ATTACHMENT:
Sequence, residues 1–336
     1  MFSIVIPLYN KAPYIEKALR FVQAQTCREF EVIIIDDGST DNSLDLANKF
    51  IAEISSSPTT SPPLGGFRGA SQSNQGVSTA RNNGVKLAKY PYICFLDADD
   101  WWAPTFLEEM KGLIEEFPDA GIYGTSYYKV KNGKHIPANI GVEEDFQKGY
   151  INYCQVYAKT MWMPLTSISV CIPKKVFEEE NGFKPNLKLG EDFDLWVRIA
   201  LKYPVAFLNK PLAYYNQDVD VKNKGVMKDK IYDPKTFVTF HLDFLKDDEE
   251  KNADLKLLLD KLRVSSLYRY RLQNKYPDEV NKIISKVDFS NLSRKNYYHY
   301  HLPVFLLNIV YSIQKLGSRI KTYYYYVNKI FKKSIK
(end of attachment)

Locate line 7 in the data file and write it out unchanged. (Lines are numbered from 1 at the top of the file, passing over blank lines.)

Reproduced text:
   251  KNADLKLLLD KLRVSSLYRY RLQNKYPDEV NKIISKVDFS NLSRKNYYHY